All my life, even when I was a little girl, I said I didn’t think I’d be able to have children. I had a feeling that I wasn’t able to – which sounds weird now and I sort of feeling guilty, like I deserve it for saying those things, but it’s just how I’ve always felt in my heart of hearts. However, hearing those words and now knowing for a fact that it’s unlikely has torn me apart. I’m absolutely devastated. I can’t explain the pain I’m feeling, I can’t get the words out. I don’t like showing emotion at the best of times, but to be dealing with a grief that I can’t even comprehend makes it all the more impossible to talk about it. People have told me to talk to them – my family, Kris, my best friends – but even if I wanted to, I couldn’t. I don’t have the words to describe how I feel. There are no words.
I’ve sat down a few times to write down what’s happening in my head, but without the words to describe it, it’s impossible, so instead of trying to form a cohesive, understandable document, I’ve just been writing down the thoughts in my head as I’ve had them. It’s been pretty therapeutic. Writing has always been my escape and my vent, it’s always been easier for me to write what I feel rather than say it out loud, but even that isn’t enough now.
So, I think the only way I can explain it is to write my thoughts as bullet points. I know some of them probably look crazy and melodramatic from the outside, but this blog has always been open, honest and transparent and as this is one of the most major things that has ever and will ever happen to me, it’s important (for me) that I cover it here.
And sure, crazy and melodramatic may be what you think when you read this, you may think I’m making a huge fuss and that there are people worse off in the world than me – I know there are, I’m lucky to have the life I have, I know that – but, my heart hurts at the moment, my brain can’t cope with the information and emotion it’s got to take on board, and so those thoughts aren’t perhaps understandable, but I’m just being honest.
Inside the mind of a woman with a broken womb and a broken heart…
• The sole purpose of a female in any species on this planet is to make a baby, keep it safe and give birth to it. • The fact that I may not be able to do that makes me feel like a failure.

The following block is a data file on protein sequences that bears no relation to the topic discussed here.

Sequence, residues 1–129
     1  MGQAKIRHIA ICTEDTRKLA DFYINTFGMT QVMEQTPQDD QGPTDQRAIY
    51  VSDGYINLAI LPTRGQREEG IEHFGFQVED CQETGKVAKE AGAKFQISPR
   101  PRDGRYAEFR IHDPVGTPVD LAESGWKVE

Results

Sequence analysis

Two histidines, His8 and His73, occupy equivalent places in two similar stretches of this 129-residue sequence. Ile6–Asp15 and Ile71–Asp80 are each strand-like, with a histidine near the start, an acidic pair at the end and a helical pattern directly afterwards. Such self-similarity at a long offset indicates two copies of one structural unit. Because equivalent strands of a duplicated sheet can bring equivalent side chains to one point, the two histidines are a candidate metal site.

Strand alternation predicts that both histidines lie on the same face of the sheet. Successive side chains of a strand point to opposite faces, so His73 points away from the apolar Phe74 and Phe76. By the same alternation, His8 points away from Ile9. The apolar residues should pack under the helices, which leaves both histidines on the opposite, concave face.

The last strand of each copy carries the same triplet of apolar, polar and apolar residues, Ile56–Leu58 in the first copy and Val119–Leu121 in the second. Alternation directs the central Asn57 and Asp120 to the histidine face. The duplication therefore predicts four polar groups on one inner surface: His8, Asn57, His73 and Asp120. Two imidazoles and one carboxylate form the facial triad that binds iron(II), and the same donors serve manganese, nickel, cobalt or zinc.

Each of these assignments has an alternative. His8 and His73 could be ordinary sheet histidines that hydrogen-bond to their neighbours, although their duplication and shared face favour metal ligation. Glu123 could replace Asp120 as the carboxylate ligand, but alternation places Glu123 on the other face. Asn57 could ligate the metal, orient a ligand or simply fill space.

• Kris told me once that he would love to have twins. Sure, twins are rare and never a ‘given’, but now I know that if I did fall pregnant with twins then it would certainly be impossible for me to bring them into this world alive.
• How can I expect any man to want to be with me when I may not be able to give him children? How can Kris want to be with me? It’s not the man’s fault that I’m broken, but they’ll be ‘punished’ by possibly not having children because of my fault.
• I understand there are options for women that can’t have children, surrogacy for example, but how can I watch another woman carry my child? • A couple should go through the pregnancy experience together – I’ll be taking that opportunity away from any man I’m with.
• I may never have a baby bump to look down at or mad cravings I can tell everybody about. I may never feel a baby move or kick inside me.
• I feel like I’m not a proper woman. I feel unfeminine, unsexy.
• I feel useless – my womb is broken.
• I may not be able to give my parent’s the gift of grandchildren. After all they’ve done for me through my life and grandchildren would be the ultimate gift.
• I had a sister, Katy, who died when she was 2½ years old. She died, but I’m alive and I’m broken inside. It seems so unfair.
• The whole point of life is to procreate – without that ability, I’m pointless.
• Why do I have stomach pains? I know my womb isn’t formed properly, but why does it hurt me?
• Every twinge I have is a reminder that I’m not right.
• All of my friends are at an age now where they’re having children. I’m seeing announcements on Facebook of new pregnancies, photos of babies being uploaded. Of course I’ll be happy for them all, it’s a fantastic thing, but will I always feel jealousy and sadness when I see another person doing what I possibly can’t?
• How will any man I’m with feel when his friends are taking their children down the park or to a football game and he’s without a child?
• Kris’ brother and sister-in-law found out the sex of their baby yesterday. There’s so much excitement and happiness – what if I can never give Kris that joy?
• I’m ashamed and embarrassed.
• I’m being totally selfish and unreasonable – I’m annoyed at the people who haven’t contacted me to see if I’m ok but when people ask if I’m ok I just say “Yes” rather than admitting that I’m really not ok.
• I want to talk about it constantly to anyone that will listen, but I also don’t want to talk about it to anybody, I don’t want to acknowledge it.
• I want to run and run and run to somewhere where I don’t know anybody, but that won’t change what’s wrong inside me.
• I want to sleep all the time. When I’m asleep, if I dream of this then it’s a nightmare – it’s when I wake up I have to accept this is my reality.
• Why me?
So, there you go, that’s just some of the thoughts flying around my brain. Dis-jointed, un-related, confusing and perhaps (some of you may feel) completely ridiculous. But, that’s what’s happening. That’s how I feel.